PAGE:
Sure enough after about 45 minutes or more, he is about 150 feet deep, maybe way more, and he stops pulling. żNow what do I do, Rene' He shouts to me, 'He's probably dead, 'Se muerte, porque el no esta moviendo' (he's dead, because he's not moving). So now what, Rene? 'Pull him up. ' How do I do that? 'Pull! Con mucho fuerca (or something like that) (with a lot of force!) So I say you have to be kidding. But he wasn't. He offered to let me in and let me do it from the panga but I declined, I figured that would defeat the whole purpose, so I pulled as hard as I could, and about 4 inches winds on the reel. I would rather sit in that kayak for a week and pull on that fish than get help from him, cus as soon as I do that, I knew that I would have no interesting story to tell.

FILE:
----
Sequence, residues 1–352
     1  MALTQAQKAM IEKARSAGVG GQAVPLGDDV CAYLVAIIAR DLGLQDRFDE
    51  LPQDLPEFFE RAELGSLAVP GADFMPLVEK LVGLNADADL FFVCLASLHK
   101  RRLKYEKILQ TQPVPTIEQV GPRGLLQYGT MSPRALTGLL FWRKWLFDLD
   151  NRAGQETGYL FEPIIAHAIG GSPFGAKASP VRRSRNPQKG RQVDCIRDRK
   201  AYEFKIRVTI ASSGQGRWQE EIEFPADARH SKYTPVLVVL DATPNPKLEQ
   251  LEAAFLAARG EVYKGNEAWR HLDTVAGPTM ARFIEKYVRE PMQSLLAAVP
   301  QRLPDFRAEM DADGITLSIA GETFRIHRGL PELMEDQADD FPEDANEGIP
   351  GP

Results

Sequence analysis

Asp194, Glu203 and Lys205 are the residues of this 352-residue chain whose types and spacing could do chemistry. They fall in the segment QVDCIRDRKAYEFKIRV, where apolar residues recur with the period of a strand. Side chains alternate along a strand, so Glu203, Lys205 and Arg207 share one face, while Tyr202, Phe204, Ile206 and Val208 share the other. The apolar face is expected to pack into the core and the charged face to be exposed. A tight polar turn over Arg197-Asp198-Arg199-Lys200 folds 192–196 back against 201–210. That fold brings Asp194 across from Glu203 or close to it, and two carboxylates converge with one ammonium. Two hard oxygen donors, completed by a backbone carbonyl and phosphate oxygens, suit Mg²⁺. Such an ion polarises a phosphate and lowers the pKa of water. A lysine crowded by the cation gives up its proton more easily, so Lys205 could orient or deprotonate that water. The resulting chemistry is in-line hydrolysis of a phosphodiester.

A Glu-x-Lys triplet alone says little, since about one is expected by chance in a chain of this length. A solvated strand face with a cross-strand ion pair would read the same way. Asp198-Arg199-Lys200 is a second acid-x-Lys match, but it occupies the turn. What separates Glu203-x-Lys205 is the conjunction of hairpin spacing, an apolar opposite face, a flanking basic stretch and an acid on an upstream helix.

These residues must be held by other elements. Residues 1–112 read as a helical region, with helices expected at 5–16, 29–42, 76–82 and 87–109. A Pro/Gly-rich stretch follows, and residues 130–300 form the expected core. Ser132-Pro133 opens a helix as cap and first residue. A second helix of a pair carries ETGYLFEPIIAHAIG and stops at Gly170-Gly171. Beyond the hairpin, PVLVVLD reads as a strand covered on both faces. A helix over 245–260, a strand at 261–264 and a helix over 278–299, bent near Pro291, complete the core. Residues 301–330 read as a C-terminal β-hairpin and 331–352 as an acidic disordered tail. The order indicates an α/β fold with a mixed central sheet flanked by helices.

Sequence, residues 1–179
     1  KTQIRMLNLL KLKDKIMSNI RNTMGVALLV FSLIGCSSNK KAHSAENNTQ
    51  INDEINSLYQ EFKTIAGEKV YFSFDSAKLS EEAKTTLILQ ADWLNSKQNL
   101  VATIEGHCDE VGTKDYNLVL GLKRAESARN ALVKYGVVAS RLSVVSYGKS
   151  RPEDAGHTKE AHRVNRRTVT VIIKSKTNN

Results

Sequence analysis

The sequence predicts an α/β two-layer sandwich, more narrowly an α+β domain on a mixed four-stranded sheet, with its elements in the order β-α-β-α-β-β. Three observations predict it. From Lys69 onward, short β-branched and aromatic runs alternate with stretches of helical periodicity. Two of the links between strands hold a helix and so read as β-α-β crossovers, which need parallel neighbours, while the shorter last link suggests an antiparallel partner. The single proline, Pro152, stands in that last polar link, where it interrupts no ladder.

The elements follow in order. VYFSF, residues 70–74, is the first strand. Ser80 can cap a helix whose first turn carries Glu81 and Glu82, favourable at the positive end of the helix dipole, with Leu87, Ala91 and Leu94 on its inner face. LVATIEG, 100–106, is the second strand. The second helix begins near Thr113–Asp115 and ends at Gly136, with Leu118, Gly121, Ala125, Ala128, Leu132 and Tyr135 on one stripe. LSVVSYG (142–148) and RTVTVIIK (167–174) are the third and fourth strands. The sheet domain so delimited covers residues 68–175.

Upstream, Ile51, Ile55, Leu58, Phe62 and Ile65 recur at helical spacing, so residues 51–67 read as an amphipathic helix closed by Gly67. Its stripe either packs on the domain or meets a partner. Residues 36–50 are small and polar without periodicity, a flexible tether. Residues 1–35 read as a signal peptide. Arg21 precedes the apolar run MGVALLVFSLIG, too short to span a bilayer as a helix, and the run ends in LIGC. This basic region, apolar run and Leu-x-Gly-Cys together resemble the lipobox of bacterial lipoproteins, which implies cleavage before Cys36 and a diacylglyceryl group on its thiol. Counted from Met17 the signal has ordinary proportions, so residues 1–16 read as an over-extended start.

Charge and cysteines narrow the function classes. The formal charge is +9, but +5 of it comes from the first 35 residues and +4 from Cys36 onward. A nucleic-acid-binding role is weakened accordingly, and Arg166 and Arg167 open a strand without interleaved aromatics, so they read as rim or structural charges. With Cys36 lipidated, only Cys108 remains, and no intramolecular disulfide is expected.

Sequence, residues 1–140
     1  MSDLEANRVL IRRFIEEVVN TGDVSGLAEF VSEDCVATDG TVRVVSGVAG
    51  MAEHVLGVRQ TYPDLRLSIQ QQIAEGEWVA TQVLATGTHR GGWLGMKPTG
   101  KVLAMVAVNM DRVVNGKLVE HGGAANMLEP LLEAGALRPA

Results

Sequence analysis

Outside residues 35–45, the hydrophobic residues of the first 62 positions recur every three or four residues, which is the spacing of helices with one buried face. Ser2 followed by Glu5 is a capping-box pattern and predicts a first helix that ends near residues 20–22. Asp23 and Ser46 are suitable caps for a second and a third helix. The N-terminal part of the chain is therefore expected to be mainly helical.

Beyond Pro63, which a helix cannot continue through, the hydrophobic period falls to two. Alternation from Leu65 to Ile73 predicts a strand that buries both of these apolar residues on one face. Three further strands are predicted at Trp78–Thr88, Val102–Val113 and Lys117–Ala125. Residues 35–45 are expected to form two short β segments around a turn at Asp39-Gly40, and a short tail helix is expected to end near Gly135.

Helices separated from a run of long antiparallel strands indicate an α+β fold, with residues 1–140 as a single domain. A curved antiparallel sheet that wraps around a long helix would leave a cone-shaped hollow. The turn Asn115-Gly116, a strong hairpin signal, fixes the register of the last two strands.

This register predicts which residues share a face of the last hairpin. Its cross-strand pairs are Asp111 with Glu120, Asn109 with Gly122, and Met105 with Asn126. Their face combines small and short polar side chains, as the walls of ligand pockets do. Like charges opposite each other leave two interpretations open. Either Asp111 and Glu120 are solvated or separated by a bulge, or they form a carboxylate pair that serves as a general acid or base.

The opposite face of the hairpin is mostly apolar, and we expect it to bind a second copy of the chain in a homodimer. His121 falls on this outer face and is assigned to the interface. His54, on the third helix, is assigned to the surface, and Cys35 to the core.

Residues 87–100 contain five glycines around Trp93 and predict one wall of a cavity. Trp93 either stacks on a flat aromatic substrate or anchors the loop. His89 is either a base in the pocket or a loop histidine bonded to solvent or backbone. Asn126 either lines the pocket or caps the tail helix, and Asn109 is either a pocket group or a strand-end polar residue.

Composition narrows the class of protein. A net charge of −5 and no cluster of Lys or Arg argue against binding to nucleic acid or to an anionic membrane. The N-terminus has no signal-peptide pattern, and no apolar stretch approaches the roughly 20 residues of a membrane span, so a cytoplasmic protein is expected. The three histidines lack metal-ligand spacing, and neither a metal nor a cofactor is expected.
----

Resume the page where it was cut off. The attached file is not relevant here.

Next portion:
So I started to pull like a mom pulls on a car that is stuck on her baby, that kind of crazy strain that you get pumped up to do, and was rewarded with no more than a 6 ' gain on the reel, like a half a crank! So I tightened the drag, and it went like that, sometimes 6 ', sometimes none, for about 30 minutes. After a while, my hands start to sting real bad, as well as my forearms. I had noticed that the line was coated in red snot-like clumps of jellyfish, but hadn't worried. Now it was really stinging! The only cool thing about the jellyfish was that it turned the line that was coming in red like spaghetti with a really watered down/light marinara sauce, so I had an idea as to how much line I was getting back on the reel by the amount of red stained line was accumulating. After what seemed like a long time, when I would get a half a crank, wait ten seconds, then get two cranks, then nothing, then three cranks, then a half a crank, etc, I finally I got it to my kayak!!!! I couldn't believe it. It was huge! I took him by the 'Pico ' or bill, and tried to pull him onto my lap, but that wasn't going to happen, so I did my best, and got some wild shots, his head is in my lap and you can see his body in the water with the line and lure wrapped around his poor tail. Look at the look on my face. I desperately wanted a shot with his body across my lap, but it was impossible- way too heavy. Then I asked Rene for the camera, took some pics of my own, and on his advice and against my better instincts, put my hand down his mouth, which was scary even though he was dead since the mouth I could have fit in, well, way more than my whole head, and I unhooked the lure, undid the drag, handed him the stick, and we boated the poor beast.